“It was a relief: I had more time for my family. And I had left a work environment where I could not make enough use of my skills. Now I have a job where I am valued”, Aaron tells.
However, Aaron’s love for his own culture and tribe is strong. He and his family regularly visit cultural and religious events in his native village as well as other places on the reservations. Hopis have many different ceremonies and rites related to different passages in life and phases of the year. Many Hopi Natives are expected to carry out specific responsibilities in these ceremonies as they learn these roles while growing up. Therefore it is challenging for many Hopis to move away from their village to urban setting for jobs or school and there is a risk of losing their connections and roles for their culture.
“The Native ceremonies have the same effect on me as someone going to church on a weekly basis. They rejuvenate me and make me feel part of a bigger entity. Without them my life would be much emptier. And an occasional hour and a half drive is not an overwhelming obstacle for us, “says Aaron.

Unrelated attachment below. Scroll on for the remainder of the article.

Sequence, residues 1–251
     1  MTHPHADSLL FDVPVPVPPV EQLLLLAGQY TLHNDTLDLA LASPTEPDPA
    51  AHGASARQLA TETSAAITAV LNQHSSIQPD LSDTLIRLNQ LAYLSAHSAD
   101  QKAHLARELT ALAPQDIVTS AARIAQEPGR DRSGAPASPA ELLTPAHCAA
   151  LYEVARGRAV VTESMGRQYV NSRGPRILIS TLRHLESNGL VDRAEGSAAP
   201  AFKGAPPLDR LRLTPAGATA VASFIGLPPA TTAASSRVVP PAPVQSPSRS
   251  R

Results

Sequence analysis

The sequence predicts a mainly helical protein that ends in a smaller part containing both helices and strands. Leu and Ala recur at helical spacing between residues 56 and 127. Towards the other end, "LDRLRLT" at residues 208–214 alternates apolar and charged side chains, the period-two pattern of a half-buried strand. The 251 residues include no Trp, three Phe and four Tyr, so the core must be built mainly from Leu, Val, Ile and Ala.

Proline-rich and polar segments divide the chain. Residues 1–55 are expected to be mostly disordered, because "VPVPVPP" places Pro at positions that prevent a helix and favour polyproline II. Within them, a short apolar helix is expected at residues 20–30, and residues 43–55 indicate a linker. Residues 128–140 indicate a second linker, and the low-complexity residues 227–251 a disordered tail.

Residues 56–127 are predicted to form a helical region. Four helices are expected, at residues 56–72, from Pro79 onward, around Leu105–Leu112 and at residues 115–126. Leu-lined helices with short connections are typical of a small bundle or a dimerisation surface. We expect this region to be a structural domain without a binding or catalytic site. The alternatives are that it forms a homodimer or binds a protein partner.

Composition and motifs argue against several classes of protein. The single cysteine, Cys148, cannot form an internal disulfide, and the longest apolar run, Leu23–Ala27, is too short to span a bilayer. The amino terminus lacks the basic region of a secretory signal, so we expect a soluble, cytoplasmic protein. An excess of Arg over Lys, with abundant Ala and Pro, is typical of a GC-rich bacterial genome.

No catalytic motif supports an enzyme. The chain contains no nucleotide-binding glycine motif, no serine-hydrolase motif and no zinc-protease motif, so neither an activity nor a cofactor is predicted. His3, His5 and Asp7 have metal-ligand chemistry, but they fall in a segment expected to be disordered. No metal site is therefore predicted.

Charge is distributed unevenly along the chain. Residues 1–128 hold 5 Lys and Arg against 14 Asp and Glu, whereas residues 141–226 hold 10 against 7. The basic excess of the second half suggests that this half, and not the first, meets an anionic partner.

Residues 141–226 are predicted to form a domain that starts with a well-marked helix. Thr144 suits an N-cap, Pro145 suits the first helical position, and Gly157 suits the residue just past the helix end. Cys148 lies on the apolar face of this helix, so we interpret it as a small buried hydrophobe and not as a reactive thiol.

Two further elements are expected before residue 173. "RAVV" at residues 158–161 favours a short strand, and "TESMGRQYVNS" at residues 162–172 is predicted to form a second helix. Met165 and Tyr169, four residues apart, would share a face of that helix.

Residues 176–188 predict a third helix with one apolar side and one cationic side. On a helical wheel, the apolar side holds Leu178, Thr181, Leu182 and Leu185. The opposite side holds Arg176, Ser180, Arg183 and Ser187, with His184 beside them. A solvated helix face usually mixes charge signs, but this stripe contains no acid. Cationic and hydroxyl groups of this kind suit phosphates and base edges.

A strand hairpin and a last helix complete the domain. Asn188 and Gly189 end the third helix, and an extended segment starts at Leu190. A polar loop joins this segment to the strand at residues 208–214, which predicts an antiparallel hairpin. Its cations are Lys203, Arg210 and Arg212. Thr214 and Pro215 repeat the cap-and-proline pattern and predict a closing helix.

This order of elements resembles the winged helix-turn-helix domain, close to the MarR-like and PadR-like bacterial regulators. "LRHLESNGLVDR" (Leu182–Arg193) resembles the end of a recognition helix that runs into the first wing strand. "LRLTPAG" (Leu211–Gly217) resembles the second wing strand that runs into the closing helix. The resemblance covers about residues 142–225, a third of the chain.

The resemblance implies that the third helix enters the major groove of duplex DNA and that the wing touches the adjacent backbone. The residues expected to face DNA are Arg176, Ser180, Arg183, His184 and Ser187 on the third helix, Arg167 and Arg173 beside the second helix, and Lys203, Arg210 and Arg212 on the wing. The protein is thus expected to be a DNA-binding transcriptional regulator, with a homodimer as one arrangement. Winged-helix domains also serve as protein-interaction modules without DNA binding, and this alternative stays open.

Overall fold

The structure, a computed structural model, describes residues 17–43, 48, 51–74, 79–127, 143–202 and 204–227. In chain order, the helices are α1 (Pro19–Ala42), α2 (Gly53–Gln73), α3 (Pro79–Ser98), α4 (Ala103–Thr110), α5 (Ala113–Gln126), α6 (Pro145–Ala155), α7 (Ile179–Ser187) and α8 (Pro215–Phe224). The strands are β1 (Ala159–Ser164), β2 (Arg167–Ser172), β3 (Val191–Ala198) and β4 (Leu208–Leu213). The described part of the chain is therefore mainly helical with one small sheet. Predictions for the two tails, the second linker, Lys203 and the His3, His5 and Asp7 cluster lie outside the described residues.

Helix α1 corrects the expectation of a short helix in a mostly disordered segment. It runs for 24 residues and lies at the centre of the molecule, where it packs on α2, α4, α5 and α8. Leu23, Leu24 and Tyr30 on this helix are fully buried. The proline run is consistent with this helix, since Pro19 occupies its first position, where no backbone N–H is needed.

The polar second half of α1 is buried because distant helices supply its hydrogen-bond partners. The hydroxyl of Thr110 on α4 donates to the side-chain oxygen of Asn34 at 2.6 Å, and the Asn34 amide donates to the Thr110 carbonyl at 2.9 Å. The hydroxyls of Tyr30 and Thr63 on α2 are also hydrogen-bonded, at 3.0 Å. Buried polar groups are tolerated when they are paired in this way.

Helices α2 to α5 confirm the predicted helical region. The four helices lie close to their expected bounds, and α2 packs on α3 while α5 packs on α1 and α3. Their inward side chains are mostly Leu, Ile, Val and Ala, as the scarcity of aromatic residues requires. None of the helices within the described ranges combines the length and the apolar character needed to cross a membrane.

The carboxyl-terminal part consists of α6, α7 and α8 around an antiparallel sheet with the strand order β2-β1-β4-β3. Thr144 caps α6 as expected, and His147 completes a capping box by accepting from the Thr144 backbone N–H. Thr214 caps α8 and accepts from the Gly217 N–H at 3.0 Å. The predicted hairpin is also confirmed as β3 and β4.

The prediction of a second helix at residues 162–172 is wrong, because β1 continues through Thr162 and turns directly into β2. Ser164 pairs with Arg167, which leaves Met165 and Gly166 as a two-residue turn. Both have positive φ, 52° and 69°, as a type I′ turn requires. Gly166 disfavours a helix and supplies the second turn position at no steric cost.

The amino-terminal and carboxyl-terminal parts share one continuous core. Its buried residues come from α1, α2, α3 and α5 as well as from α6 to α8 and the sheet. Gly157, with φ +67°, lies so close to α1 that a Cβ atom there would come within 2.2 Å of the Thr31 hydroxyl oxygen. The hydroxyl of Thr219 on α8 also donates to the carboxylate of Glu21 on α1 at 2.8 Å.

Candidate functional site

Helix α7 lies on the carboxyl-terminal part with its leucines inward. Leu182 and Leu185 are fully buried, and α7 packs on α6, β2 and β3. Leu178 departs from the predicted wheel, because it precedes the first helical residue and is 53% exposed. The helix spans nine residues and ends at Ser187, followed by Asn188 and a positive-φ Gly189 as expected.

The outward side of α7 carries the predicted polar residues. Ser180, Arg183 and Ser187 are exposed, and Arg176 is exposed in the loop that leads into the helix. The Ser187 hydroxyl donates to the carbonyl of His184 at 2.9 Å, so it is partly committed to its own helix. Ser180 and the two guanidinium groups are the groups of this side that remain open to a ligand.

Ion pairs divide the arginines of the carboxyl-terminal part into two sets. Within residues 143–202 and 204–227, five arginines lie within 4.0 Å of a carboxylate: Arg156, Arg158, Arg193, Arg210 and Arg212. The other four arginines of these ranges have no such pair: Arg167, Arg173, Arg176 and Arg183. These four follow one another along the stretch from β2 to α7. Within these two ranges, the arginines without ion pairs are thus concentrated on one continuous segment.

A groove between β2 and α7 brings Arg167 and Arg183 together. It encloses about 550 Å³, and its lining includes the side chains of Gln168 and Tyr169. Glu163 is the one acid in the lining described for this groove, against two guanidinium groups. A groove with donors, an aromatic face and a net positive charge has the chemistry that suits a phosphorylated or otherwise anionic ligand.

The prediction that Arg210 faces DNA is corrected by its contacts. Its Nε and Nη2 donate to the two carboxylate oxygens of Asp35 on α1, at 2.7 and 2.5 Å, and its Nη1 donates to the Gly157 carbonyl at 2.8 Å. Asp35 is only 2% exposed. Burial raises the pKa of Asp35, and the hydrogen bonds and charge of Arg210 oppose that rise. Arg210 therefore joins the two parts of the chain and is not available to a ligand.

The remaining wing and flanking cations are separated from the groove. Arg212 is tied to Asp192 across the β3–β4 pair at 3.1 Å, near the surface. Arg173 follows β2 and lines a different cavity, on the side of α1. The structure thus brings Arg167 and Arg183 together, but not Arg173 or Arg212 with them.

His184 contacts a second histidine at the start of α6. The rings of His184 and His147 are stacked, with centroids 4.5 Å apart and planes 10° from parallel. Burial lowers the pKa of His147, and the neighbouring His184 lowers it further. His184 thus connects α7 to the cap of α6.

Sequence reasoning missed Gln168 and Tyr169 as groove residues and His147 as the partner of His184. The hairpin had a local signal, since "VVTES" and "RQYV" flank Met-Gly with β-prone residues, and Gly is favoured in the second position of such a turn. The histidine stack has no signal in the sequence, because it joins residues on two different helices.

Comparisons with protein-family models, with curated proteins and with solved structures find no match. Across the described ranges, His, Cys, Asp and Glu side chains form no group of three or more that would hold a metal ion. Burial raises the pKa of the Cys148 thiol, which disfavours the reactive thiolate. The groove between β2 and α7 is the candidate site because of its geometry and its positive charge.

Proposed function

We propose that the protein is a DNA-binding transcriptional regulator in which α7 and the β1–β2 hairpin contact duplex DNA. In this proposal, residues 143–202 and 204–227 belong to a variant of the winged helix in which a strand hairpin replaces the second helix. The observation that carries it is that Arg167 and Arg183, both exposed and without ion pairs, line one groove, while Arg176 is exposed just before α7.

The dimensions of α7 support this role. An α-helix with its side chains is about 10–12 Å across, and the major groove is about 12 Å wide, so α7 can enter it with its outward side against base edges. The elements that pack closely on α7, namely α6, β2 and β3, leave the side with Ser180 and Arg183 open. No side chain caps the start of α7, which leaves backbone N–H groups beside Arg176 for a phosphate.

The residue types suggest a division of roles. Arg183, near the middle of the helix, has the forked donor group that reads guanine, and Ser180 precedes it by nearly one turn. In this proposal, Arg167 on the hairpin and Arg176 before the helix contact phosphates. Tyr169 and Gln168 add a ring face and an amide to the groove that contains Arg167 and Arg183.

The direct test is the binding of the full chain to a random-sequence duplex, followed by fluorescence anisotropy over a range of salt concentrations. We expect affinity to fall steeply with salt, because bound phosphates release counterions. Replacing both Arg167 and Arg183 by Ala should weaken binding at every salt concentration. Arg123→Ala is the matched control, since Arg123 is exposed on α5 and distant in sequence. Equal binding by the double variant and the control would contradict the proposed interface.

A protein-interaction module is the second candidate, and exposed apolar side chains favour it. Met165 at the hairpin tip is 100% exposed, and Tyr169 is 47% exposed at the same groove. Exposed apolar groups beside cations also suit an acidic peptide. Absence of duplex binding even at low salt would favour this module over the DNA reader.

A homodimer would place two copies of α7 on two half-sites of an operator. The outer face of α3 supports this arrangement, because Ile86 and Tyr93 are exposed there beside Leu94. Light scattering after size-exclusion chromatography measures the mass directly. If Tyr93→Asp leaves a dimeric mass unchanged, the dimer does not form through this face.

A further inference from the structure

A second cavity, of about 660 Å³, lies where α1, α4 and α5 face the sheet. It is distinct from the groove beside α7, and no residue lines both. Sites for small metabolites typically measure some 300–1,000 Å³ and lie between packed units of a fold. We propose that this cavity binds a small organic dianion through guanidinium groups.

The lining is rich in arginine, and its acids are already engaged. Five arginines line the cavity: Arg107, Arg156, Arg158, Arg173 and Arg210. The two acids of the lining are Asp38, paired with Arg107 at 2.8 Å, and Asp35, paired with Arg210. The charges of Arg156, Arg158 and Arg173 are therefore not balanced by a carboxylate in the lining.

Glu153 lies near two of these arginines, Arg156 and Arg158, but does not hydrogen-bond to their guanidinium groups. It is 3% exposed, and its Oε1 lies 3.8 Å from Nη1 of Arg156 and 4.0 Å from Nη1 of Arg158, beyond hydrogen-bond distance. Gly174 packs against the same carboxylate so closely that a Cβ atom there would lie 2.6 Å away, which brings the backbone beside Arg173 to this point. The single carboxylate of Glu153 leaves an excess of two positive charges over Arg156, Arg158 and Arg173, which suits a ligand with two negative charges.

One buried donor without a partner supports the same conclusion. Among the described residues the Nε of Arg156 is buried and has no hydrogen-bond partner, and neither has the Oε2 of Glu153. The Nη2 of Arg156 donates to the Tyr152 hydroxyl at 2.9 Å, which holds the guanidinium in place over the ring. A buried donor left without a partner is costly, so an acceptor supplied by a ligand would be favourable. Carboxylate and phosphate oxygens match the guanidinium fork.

Many Natives leave their reservations for cities in the hope of work and an easier life, but are disappointed. Without professional or academic education, it is difficult to find jobs, and they easily perceive the new environment as discriminatory and react by behaving anti-socially. This phenomenon is understandable and universal. Refugees from Carelia on the border with Finland seemed to feel the same way in my home village. Maybe alcoholism, drug use, domestic violence, and suicide are natural reactions to a life situation that feels hopeless, because one doesn’t have a strong positive self-image?
Listening to Aaron, who has balanced his life between two different cultures in a harmonious way, gives me the impression that there is much hope for Native American youth. Many older Natives are working through historic traumas caused by forced assimilation policies before the 1960s. More of today’s children can choose among a range of educational goals and experiences so that they have an opportunity to influence their own lives and build a strong positive self-image as a Native American. Aaron is one of these new role models.